Andrey Devyatkov: The new president in Tiraspol: Reactions from Russia

The dramatic situation around presidential elections in Transnistria could not be left unattended in Russia. What do Russian stakeholders expect from the affecting victory of Vadim Krasnoselsky? To understand this a series of commentaries given by Russian politicians or key mass-media expressing semiofficially the Russian position should be analyzed.

A couple of arguments marks the official line. Firstly, Russian politicians continued to keep their neutral stance without explicitly blaming or praising none of the candidates. In their opinion, the Transnistrians voted for changes in face of deteriorated socio-economic situation in the break-away republic as actually it was the case in the context of 2011 elections as well. As it was pointed out, both candidates have committed themselves to a close relationship with Russia and to development of Transnistria. For example, the newspaper Vzglyad described how both Shevchuk and the company “Sheriff” contributed to renovation of old and construction of new buildings in Tiraspol, favored the establishment of new businesses in the service sector etc. Remarkably no statements were made about the background of the candidates, their activity in the electoral campaign. The argument that Transnistria will not face any radical changes after the elections can describe the general mood.

The only one thing characterizing the behavior of Evgeny Shevchuk was announced by the newspaper Kommersant which told by reference to its sources in the Russian government that a quite active Russian moderation was needed to prevent destabilization. This destabilization, so the sources of the newspaper, was possible due to the wish of security officials around Shevchuk to influence the results of the elections. They allegedly undertook some measures in this sphere but failed at the end.

Secondly, all the positions expressed have one idea in common: Vadim Krasnoselsky should deliver much to overcome the socio-economic crisis in Transnistria and for that he should use predominantly internal resources. The experts stressed in this regard that the victory of Krasnoselsky is a “solid advance” from Transnistrians which should be repaid by active work.

Furthermore, the deputy of the Russian State Duma Sergey Chizhov who was elected i.a. due to the support of the Transnistrian voters, argued: “The people of Transnistria see themselves as a region within Russia or as an independent state in the Customs Union. But in my opinion the accession to Russia is not possible in the short-term perspective: the republican budget should be balanced and entail no deficit. Besides, the Transnistrian Moldovan Republic should surmount the crisis”. Konstantin Kosachev, the head of the Committee on Foreign Relations of the Upper House of the Russian parliament, has also pointed out in his post on Facebook that “we will follow with much interest in the near future how Transnistrians will evaluate the ability of the authorities to address their multiple questions”.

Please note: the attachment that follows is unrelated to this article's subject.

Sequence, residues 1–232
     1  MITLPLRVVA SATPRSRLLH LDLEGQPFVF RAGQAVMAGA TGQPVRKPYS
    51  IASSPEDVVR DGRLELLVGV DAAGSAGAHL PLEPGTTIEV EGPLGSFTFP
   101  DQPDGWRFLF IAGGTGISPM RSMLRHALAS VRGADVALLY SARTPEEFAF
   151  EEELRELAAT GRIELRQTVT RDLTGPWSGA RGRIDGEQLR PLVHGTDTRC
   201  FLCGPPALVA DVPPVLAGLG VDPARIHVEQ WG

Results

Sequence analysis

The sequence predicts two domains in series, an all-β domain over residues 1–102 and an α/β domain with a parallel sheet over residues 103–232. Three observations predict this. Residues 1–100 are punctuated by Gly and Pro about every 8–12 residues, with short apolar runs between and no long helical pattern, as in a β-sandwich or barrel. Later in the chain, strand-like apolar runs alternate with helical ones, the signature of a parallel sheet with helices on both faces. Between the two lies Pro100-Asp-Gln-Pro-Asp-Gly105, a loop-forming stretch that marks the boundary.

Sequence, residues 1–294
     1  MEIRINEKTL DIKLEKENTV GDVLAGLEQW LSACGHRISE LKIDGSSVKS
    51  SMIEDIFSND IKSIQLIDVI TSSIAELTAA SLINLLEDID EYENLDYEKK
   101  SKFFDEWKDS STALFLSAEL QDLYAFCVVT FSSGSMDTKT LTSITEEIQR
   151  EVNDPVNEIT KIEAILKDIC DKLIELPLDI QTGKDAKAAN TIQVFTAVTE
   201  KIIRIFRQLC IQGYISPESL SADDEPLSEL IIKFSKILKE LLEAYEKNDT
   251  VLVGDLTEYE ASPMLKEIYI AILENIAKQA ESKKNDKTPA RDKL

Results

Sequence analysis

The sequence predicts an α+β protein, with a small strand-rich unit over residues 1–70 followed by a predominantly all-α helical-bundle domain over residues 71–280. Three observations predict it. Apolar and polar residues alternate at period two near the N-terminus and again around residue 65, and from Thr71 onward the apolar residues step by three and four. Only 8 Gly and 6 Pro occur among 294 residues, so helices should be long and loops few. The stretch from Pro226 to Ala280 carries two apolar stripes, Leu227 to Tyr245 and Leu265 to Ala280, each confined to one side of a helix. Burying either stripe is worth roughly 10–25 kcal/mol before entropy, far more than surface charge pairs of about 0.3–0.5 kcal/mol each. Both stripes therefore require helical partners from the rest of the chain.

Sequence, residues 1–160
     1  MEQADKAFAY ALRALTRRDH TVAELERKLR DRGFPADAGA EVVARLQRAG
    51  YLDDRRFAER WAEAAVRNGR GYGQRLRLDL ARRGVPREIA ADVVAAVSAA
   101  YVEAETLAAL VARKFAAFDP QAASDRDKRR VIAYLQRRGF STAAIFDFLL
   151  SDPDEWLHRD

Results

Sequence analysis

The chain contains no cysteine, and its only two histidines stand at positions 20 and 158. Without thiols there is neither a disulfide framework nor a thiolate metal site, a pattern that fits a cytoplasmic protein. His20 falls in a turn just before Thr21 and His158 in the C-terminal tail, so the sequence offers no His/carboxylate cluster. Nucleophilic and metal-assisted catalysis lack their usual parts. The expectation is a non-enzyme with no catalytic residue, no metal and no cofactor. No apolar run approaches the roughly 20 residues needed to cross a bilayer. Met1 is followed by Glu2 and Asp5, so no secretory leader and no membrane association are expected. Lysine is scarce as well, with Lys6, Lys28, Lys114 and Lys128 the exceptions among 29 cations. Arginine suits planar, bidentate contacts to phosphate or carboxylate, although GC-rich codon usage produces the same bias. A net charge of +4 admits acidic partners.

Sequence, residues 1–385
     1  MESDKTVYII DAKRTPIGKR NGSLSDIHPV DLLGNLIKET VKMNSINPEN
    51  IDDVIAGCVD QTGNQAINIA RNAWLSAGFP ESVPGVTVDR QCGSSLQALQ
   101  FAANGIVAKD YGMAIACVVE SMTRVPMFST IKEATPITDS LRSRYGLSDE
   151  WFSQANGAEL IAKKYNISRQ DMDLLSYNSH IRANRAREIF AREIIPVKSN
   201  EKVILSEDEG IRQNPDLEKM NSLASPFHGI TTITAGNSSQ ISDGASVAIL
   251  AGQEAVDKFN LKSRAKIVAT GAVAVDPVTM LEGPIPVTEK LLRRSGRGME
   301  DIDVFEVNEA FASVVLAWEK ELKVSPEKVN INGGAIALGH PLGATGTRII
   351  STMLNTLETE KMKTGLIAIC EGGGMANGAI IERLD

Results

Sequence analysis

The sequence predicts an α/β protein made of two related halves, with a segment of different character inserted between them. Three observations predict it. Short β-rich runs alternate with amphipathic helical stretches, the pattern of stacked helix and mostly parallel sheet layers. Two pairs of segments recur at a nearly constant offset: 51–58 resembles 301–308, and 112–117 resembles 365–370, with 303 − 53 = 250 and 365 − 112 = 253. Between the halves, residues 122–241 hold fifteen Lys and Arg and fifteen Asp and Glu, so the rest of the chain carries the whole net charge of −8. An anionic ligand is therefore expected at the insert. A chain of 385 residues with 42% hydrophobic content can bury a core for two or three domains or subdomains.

In this sense the title of an article in the state-owned Rossiiskaya Gazeta was very telling: “So many problems – as clear as a day”. The journalist argues that there are factories in the region producing electromotors, cognac, textile but the logistic problems in exporting to Russia should be solved first. Besides, the author underlines that there are also doubts what else Transnistria could propose for the Russian market: “Even here, in Tiraspol, supermarkets are full of fruits from Greece, Turkey, Georgia, Moldova”.

In the opinion of Tamara Guzenkova, deputy head of the influential governmental think-tank Institute of Strategic Studies, Transnistrians voted for keeping the region within the Russian political space. She argued that adoration of Russia has become there a very popular profession and at the same time vocation. So, the new president should allegedly “convert this vocation into a practical course” because “people should not feel themselves as hostages of this love what is encouraged by Brussels and Washington while they tighten the screws being assisted by Chisinau and Kiev”. At the same time Guzenkova is probably the only one expert who explicitly declares how Russia should help Transnistria: through facilitated procedure for obtaining the Russian citizenship, consideration of time in employment by counting Russian pensions and ability to use “maternity capital” on the Transnistrian territory.

To sum up, the Russian agenda in relations with Vadim Krasnoselsky is not burdened by any misperceptions or negative prehistory. Russia evidently expects that the newly elected president will do his best to manage the socio-economic and political stabilization in the break-away region.

During the previous elections in 2011 one of the candidate could refer to his ability to attract a huge financial assistance from Russia which the winner of those elections got at the end too, but half as much. This time Russian assistance could not be a universal instrument for solving all the problems. As the last year has demonstrated, Russia is ready to contribute to a positive atmosphere in Russian-Moldovan dialogue and to realization of “small steps policy” in relations between Chisinau and Tiraspol. The OSCE summit also underlined the special status of Trasnistrian issue after all the mediators agreed on key aspects of the negotiation agenda. So, both internal and external contexts seem to be favorable in general for a pragmatic dialogue between two banks of Nistru river. But on the other side there are no prerequisites for any revolutionary changes around Transnistria because status quo is basically appreciated by most actors involved.